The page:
“What?” I was confused.
The larger bird gruffly cleared his throat, and Dr. Steve glanced at the macaw nervously.
“Oh, it’s just an alternative therapy thing, Tech.” Dr. Steve puffed his feathers a bit and craned his neck, reminding me of Uncle Jeff awkwardly adjusting his tie before he had to give a speech. “Anyway, Michael, this is Admiral C. Everight Coop. The Admiral here,” — he nodded a trifle obsequiously at the larger bird — “is Surgeon General of Birdland. He’s heard about our experimental treatment plan, and he wanted to meet you.”
I didn’t really feel well enough to meet anyone, but I was sufficiently intimidated by Coop’s air of superiority to smile and nod politely. Of course, I didn’t think I had much choice; the Admiral didn’t look the sort to take no for an answer, especially from a lowly TOOL.
“How are you feeling today, young man?” Coop spryly hopped up on a step-perch at my bedside.
“I’ve been better, Admiral.” I tried to shake off my now-habitual afternoon grogginess. “But thank you for asking.”
“We should be completing your tests shortly, and then we’ll know more about what’s going on with you.” The macaw peered at me through the large squarish spectacles balanced on his impressive beak.
What was he talking about? “Tests, Sir? I haven’t had any tests since I’ve been in this room.”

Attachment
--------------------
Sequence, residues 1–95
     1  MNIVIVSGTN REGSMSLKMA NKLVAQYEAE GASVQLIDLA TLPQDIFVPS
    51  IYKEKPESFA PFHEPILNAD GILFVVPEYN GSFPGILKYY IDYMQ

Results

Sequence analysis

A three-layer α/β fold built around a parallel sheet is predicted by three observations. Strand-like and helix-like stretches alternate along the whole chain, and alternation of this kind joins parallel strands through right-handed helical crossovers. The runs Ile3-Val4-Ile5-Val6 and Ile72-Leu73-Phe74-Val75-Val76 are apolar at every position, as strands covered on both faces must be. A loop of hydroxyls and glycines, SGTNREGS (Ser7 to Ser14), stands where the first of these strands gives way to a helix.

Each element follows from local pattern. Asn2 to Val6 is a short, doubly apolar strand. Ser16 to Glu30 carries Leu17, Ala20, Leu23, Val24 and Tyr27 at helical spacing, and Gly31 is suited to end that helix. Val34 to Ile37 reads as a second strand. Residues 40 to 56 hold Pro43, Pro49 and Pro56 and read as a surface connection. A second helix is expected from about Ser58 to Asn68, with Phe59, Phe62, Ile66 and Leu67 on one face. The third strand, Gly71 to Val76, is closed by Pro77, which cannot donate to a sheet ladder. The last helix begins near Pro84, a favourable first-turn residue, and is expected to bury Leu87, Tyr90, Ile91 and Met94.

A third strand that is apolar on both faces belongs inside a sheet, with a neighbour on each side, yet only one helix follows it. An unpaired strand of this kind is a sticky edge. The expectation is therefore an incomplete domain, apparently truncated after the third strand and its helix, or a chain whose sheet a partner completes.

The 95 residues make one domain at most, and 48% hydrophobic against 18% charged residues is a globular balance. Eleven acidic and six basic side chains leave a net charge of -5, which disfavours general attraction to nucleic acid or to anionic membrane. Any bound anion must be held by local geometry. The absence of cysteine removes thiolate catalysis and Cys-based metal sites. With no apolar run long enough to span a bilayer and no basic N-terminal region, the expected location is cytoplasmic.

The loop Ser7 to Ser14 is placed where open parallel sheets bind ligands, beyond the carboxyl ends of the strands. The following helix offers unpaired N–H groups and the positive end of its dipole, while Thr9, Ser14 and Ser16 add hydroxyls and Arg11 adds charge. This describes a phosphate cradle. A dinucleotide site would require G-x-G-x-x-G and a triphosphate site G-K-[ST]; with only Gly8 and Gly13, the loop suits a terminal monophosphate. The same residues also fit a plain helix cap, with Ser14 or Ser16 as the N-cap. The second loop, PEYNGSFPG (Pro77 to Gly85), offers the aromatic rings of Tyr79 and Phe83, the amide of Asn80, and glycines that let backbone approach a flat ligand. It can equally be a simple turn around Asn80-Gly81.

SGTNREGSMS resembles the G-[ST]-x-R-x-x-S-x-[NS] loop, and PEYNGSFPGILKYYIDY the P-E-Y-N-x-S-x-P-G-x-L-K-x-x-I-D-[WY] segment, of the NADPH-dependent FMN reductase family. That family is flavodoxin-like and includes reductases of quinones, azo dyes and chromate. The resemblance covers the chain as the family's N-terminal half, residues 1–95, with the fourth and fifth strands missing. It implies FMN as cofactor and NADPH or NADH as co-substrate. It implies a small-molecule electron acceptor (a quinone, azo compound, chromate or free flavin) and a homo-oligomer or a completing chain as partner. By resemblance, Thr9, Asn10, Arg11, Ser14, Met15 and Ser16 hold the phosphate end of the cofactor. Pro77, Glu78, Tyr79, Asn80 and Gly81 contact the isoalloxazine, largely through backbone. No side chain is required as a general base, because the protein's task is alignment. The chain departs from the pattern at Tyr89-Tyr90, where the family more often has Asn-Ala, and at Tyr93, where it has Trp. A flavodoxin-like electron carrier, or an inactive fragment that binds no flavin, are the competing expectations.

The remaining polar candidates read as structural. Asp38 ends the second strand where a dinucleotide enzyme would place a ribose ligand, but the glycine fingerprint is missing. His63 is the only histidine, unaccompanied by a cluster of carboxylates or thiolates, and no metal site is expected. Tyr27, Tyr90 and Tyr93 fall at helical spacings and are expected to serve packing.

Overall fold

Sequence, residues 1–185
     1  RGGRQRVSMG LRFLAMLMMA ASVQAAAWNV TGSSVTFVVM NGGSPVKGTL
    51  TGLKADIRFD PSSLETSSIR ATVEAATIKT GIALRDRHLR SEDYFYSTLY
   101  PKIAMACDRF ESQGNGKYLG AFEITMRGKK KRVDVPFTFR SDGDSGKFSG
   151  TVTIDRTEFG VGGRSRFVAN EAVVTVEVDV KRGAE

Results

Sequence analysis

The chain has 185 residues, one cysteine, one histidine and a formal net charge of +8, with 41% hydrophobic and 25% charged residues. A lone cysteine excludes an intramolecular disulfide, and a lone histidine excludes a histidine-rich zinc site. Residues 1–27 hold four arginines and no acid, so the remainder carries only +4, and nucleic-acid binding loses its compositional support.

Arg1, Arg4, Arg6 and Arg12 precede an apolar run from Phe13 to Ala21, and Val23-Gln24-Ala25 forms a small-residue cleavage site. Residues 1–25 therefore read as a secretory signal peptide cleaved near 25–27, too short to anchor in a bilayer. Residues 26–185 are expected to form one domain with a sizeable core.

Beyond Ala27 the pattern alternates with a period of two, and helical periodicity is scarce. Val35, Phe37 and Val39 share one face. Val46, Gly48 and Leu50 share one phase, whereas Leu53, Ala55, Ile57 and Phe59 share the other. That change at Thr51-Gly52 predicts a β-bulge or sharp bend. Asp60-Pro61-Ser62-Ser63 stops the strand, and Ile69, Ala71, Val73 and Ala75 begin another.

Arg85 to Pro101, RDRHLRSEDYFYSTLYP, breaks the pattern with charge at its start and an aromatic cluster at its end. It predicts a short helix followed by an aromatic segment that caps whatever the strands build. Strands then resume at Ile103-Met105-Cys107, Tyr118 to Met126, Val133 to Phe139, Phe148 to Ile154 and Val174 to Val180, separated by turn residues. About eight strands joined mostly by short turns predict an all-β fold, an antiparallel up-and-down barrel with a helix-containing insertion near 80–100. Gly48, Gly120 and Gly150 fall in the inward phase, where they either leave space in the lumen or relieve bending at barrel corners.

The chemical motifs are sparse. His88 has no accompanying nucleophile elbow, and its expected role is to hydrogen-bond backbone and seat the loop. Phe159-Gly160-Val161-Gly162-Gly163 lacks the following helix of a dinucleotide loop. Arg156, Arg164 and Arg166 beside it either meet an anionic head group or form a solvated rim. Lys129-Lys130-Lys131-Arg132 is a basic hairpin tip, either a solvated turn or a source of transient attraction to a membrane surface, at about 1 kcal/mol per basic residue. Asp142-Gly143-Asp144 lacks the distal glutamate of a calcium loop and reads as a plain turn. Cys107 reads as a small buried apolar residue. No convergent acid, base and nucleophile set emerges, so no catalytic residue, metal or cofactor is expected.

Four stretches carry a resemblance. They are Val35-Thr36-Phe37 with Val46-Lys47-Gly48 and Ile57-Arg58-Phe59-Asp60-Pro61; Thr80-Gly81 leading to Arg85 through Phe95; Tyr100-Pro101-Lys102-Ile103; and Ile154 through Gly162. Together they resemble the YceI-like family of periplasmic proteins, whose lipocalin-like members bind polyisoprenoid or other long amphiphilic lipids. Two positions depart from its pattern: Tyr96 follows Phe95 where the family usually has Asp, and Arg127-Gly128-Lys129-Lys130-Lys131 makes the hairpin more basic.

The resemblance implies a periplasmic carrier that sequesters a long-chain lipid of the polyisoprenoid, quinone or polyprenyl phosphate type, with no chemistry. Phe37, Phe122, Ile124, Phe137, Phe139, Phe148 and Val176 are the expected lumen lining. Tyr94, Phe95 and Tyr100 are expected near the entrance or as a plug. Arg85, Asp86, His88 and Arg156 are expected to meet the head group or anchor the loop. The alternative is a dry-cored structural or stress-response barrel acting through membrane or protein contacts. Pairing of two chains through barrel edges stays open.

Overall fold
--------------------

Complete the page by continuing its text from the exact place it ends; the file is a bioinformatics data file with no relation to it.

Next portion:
The birds glanced at each other. “This whole chamber is a testing facility, Technician,” Coop said, “and it’s given us some very critical information about the situation. We should have some answers soon.”
“Michael, we’ve decided that you’d benefit from a private nurse; your needs will be better met by one individual.” Dr. Steve pressed the call button on the wall, and a few moments later a dark-haired young woman stepped into the room.
“This is Nurse Eden Henslay, Michael. She’s one of our finest.” Dr. Steve smiled paternally at the pretty nurse.
The woman appeared to be a few years younger than I and reminded me of a sparrow — small, delicate, and gently rounded. She nodded respectfully at the Admiral and smiled at Dr. Steve before turning to me.
“Hi, Michael, I’m Eden.” Her voice was soft but very clear. She smiled at me, showing straight white teeth.